And China's lavish programme is likely to receive even more money; the country has listed weather modification as one of the key projects in its eleventh five-year plan, and says it will introduce the latest equipment for both research and operations.
It is not surprising that European American settlers in the Great Plains, dependent on agriculture and plagued by drought, would develop an interest in rainmaking. The earliest attempts involved the concussion method, which was premised on the theory that gunpowder explosions triggered friction and generated nuclei to produce rain.
James Pollard Espy (or the Storm King) (May 9 1785 – January 24 1860) was a U.S. meteorologist. Espy developed a convection theory of storms, explaining it in 1836 before the American Philosophical Society and in 1840 before the French Académie des Sciences and the British Royal Society.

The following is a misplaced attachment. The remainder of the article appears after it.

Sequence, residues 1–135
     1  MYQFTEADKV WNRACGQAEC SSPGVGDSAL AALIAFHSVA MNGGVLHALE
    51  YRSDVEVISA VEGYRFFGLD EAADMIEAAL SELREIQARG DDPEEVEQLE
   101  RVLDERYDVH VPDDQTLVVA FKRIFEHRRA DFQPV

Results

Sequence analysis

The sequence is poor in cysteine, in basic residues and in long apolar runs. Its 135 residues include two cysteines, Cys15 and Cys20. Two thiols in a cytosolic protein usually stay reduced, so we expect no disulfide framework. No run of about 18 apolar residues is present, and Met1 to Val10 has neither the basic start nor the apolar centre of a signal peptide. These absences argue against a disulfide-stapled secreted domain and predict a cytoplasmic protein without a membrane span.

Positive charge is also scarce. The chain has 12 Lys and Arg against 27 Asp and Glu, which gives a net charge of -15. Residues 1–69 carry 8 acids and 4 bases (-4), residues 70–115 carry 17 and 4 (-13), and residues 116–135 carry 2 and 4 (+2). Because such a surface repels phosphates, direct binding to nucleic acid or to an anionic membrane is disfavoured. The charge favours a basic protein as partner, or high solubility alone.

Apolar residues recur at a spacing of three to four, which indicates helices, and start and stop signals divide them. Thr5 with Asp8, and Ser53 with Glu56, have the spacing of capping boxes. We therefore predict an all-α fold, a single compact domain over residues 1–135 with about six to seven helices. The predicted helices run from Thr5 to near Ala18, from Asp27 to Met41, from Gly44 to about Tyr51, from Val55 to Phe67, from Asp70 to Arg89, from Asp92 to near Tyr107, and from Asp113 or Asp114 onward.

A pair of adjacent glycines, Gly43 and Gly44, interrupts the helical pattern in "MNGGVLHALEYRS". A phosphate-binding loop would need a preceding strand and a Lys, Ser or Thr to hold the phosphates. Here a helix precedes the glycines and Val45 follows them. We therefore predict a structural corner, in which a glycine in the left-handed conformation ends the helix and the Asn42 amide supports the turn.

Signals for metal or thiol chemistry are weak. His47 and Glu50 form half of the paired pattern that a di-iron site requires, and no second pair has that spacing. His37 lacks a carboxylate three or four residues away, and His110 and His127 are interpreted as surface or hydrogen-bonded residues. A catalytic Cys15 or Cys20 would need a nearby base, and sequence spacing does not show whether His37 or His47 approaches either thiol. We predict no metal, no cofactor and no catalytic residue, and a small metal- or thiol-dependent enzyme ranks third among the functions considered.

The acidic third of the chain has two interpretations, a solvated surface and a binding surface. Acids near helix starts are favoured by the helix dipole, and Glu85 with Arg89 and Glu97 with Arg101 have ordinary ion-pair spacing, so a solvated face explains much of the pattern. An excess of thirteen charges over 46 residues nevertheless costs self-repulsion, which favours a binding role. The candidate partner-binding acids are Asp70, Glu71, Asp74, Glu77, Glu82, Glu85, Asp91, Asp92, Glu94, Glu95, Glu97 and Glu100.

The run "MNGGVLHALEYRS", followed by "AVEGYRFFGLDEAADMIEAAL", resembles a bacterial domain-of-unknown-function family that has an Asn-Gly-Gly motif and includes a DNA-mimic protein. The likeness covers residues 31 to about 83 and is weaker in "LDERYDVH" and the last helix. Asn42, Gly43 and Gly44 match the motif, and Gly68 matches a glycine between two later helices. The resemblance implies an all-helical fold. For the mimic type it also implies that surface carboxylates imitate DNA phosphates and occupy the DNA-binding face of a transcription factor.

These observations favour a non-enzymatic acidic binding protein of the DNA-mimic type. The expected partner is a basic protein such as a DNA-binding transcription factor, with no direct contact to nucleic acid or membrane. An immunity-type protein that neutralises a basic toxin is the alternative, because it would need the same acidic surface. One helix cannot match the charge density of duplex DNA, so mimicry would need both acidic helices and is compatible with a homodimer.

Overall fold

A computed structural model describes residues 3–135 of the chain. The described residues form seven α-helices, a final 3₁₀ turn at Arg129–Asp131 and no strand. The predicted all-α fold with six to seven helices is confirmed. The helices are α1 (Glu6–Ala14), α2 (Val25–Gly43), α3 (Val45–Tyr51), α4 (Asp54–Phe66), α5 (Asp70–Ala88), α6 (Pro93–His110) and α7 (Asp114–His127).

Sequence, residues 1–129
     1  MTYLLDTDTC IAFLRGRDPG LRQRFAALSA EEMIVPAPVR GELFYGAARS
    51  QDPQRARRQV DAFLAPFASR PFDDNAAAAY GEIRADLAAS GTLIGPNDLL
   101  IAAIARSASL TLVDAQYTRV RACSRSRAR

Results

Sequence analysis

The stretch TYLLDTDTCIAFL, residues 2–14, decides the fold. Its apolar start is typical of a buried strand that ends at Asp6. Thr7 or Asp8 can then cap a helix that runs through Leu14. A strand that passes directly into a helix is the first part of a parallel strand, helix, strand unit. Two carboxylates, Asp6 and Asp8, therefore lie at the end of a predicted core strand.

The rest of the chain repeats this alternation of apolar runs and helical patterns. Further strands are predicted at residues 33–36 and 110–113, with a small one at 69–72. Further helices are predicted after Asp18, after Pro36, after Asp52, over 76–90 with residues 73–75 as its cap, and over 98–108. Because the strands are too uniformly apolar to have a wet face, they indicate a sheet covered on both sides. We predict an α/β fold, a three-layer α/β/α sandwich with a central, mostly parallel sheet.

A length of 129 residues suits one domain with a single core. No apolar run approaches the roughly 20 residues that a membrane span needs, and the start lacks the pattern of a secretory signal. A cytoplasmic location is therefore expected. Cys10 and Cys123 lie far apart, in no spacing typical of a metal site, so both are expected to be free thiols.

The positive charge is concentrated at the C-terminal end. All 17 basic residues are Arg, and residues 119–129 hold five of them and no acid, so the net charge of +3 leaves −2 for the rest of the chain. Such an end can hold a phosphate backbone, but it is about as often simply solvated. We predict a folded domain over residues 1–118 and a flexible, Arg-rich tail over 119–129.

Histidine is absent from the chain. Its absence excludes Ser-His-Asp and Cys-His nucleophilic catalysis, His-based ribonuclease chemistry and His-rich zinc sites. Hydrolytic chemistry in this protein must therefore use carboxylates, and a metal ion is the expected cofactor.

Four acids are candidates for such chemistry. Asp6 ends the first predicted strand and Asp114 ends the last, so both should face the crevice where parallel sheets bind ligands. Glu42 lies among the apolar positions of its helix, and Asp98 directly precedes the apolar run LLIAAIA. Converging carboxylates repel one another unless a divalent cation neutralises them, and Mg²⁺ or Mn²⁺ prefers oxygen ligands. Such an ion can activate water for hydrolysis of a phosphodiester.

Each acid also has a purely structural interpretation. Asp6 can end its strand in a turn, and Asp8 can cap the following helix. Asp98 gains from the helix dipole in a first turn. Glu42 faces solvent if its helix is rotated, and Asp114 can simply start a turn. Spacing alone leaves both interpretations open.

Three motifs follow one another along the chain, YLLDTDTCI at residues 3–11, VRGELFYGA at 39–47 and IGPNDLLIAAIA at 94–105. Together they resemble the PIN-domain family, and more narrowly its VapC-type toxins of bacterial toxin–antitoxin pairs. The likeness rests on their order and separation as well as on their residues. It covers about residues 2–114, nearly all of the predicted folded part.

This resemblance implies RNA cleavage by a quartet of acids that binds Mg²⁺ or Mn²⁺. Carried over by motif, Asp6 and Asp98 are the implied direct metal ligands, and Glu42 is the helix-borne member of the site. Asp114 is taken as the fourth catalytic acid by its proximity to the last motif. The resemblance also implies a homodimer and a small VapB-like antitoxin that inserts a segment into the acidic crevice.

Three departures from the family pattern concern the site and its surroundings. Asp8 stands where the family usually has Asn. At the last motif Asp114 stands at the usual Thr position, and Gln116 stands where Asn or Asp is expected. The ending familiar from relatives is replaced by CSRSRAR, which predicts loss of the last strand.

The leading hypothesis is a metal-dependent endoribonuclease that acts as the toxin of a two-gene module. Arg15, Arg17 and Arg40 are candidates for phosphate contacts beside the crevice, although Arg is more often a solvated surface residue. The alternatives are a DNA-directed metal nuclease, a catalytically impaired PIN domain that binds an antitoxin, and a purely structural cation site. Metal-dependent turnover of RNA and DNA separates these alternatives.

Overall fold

The cereal manufacturer, C. W. Post of Texas, maintained belief in the concussion method. From 1911 to 1914, Post executed “rain battles” near Post City, Texas, detonating dynamite along the Caprock Escarpment. Inspired by an occasional rain fall, Post optimistically predicted that rainmaking would one day replace irrigation.
Vincent Schaefer (1906–1993) discovered the principle of cloud seeding in July 1946 through a series of serendipitous events. Following ideas generated between himself and Nobel laureate Irving Langmuir while climbing Mt. Washington in New Hampshire, Schaefer, Langmuir’s research associate, created a way of experimenting with supercooled clouds using a deep freeze unit of potential agents to stimulate ice crystal growth